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RFC 4183

A Suggested Scheme for DNS Resolution of Networks and Gateways

Pages: 9
Informational

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Network Working Group                                        E. Warnicke
Request for Comments: 4183                                 Cisco Systems
Category: Informational                                   September 2005


     A Suggested Scheme for DNS Resolution of Networks and Gateways

Status of This Memo

   This memo provides information for the Internet community.  It does
   not specify an Internet standard of any kind.  Distribution of this
   memo is unlimited.

Copyright Notice

   Copyright (C) The Internet Society (2005).

IESG Note

   This RFC is not a candidate for any level of Internet Standard.  The
   IETF disclaims any knowledge of the fitness of this RFC for any
   purpose and notes that the decision to publish is not based on IETF
   review apart from IESG review for conflict with IETF work.  The RFC
   Editor has chosen to publish this document at its discretion.  See
   RFC 3932 [6] for more information.

Abstract

This document suggests a method of using DNS to determine the network that contains a specified IP address, the netmask of that network, and the address(es) of first-hop routers(s) on that network. This method supports variable-length subnet masks, delegation of subnets on non-octet boundaries, and multiple routers per subnet.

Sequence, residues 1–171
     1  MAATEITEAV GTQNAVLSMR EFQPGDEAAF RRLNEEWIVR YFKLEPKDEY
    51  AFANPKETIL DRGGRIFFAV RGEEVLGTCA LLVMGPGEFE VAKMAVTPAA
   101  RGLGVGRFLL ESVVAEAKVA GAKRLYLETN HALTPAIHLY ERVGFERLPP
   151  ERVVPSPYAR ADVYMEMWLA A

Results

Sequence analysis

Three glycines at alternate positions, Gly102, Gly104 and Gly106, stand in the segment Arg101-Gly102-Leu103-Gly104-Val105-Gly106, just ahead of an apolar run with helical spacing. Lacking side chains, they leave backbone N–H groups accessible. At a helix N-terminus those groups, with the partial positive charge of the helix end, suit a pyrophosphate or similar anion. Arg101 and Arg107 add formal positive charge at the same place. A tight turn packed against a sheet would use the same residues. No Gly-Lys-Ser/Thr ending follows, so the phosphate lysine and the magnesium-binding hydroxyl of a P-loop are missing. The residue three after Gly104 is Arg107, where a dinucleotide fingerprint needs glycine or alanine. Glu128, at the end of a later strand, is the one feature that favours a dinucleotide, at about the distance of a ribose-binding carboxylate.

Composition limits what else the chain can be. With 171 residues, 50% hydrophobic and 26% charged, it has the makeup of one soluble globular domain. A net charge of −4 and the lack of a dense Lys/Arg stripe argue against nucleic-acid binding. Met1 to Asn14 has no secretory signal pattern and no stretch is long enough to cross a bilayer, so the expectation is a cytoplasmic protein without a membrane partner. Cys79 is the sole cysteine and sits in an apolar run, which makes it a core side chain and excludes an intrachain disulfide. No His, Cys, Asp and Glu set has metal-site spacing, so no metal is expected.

1. Introduction

As a variety of new devices are introduced to the network, many of them not traditional workstations or routers, there are requirements that the first-hop router provide some network service for a host. It may be necessary for a third-party server in the network to request some service related to the host from the first-hop router(s) for that host. It would be useful to have a standard mechanism for such a third-party device to find the first-hop router(s) for that host. DNS-based mechanisms have been defined for the resolution of router addresses for classful networks (RFC 1035 [1]) and of subnets (RFC 1101 [2]). RFC 1101 suffers from a number of defects, chief among
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   which are that it does not support variable-length subnet masks,
   which are commonly deployed in the Internet.  The present document
   defines DNS-based mechanisms to cure these defects.

   Since the writing of RFC 1101, DNS mechanisms for dealing with